Tags: Wausau | Top | Credit | Rating

USA Today: Wausau, Wis., Has Top Credit Rating of US Cities

Tuesday, 11 Oct 2011 08:54 AM

Wausau, Wis., has the highest average credit score of all cities in the U.S., while Harlingen, Texas, has the lowest, according to USA Today, citing Experian data.

High credit ratings go to cities that didn't borrow and spend too much during the credit and housing boom, Experian analysis finds.

Many cities, Midwestern ones especially, that were frugal during the boom not only have comparatively better ratings today but also, lower unemployment rates.
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"Areas of the country that didn't go crazy during the boom are probably still reaping the benefits in terms of their credit scores," says Gerri Detweiler, personal finance expert for Credit.com, USA Today adds.

Those who did party hard during the good times are paying the bill today.

Low-scoring cities like Las Vegas and Bakersfield suffer from high foreclosure rates.

Harlingen, the only city with an average credit score below 700, has an unemployment rate of nearly 13 percent, well above the 9.1 percent rate for the country as a whole.

"Right now, those are the biggest issues," says Michele Raneri, Experian's vice president of analytics.

The winner, Wausau, was included in the survey for the first time this year because it just became big enough to merit analysis, although that doesn't detract from its responsible financial behavior

"It's significant to have a new city come onto the list and be at the top," Raneri says.

"It really shows that people are moving into the area."

Scores ranged from 501 to 990.

The national average came to 749, down from 754 in 2007, just before the recession began, but up one point from 2010.

State and city finances have come under the microscope lately, especially in wake of star Wall Street analyst Meredith Whitney's prediction of large-scale defaults at the municipal level.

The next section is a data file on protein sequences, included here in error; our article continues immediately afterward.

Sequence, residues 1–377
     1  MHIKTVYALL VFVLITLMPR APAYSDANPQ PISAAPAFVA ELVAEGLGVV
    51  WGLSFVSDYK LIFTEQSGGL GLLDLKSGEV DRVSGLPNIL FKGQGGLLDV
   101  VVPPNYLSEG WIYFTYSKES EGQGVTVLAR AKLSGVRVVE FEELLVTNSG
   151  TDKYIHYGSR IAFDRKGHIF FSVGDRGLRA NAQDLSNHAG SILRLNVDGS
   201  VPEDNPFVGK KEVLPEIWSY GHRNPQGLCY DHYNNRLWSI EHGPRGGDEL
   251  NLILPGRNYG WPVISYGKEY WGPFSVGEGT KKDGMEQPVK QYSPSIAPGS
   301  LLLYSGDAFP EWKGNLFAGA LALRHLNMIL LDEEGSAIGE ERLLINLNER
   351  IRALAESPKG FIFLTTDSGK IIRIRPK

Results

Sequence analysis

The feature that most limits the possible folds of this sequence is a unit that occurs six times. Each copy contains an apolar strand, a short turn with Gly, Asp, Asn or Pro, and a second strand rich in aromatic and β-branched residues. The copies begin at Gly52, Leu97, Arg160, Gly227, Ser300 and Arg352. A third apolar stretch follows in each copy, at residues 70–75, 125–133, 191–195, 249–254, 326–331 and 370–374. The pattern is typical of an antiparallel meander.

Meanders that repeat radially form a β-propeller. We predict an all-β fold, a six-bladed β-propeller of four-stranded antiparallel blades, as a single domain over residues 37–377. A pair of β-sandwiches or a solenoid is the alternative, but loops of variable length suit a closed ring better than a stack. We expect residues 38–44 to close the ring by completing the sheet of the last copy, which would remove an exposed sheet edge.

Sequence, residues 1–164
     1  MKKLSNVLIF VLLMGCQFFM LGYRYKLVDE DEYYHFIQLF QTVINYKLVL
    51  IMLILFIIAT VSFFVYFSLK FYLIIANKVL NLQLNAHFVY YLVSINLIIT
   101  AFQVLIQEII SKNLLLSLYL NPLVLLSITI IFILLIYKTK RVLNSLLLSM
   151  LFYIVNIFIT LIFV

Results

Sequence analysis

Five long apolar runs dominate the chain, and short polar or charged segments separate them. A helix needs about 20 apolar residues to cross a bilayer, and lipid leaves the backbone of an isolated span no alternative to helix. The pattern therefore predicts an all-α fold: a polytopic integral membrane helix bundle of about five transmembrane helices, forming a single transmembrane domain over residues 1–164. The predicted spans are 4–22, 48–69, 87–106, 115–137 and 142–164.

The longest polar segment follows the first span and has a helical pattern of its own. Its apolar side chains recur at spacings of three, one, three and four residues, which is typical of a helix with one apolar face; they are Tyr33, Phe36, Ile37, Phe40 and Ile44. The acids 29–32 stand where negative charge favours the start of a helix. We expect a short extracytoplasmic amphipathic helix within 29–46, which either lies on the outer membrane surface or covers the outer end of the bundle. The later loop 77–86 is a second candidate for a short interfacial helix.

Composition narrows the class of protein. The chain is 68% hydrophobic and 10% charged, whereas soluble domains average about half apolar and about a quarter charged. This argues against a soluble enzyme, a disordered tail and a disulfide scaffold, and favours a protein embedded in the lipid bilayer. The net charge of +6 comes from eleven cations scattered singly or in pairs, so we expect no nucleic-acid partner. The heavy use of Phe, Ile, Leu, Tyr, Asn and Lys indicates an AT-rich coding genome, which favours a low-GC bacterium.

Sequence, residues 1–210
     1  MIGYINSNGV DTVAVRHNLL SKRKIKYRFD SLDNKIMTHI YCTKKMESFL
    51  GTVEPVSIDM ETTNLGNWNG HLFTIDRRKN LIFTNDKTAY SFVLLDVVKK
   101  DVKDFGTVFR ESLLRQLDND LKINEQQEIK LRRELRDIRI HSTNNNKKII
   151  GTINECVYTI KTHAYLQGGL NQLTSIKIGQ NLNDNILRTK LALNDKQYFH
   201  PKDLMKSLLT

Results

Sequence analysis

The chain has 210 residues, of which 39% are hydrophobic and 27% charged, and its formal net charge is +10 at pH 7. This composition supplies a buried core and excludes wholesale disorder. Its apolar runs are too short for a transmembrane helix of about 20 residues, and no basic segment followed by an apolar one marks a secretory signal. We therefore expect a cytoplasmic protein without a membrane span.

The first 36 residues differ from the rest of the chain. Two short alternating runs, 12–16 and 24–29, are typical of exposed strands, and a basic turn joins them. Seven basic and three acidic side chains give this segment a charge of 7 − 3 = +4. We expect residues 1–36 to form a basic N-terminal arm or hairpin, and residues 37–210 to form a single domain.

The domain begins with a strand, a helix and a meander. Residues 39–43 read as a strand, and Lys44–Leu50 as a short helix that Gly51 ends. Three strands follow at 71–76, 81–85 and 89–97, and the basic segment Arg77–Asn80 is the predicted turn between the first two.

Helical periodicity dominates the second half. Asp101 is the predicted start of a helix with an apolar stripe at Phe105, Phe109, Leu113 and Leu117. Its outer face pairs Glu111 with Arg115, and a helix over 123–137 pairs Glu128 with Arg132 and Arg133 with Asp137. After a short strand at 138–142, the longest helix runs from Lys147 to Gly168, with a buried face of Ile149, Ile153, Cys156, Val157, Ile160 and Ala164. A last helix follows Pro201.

Whitney made that forecast in December of 2010, although some investors see value in municipal debt, even bonds downgraded by ratings agencies.

Many cities and towns are cutting costs and raising revenue to stay solvent, and once they recover, their bond prices will rise, making purchases today a good buy.

"Often, there’s action taken to mitigate the situation," John Dillon, chief municipal-bond strategist at Morgan Stanley Smith Barney in Purchase, New York, tells Bloomberg.

"Usually management snaps to attention."

Opportunities are out there.

"The outlook is tainted by what they see in the rear-view mirror," says Lyle Fitterer, who helps oversee $26 billion of municipal bonds for Wells Capital in Menomonee Falls, Wisconsin, Bloomberg adds.

"Unless you're forecasting a double dip in the U.S. economy, you may see some improvement in these credits on an ongoing basis."

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Wausau, Wis., has the highest average credit score of all cities in the U.S., while Harlingen, Texas, has the lowest, according to USA Today, citing Experian data. High credit ratings go to cities that didn't borrow and spend too much during the credit and housing boom,...
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Tuesday, 11 Oct 2011 08:54 AM
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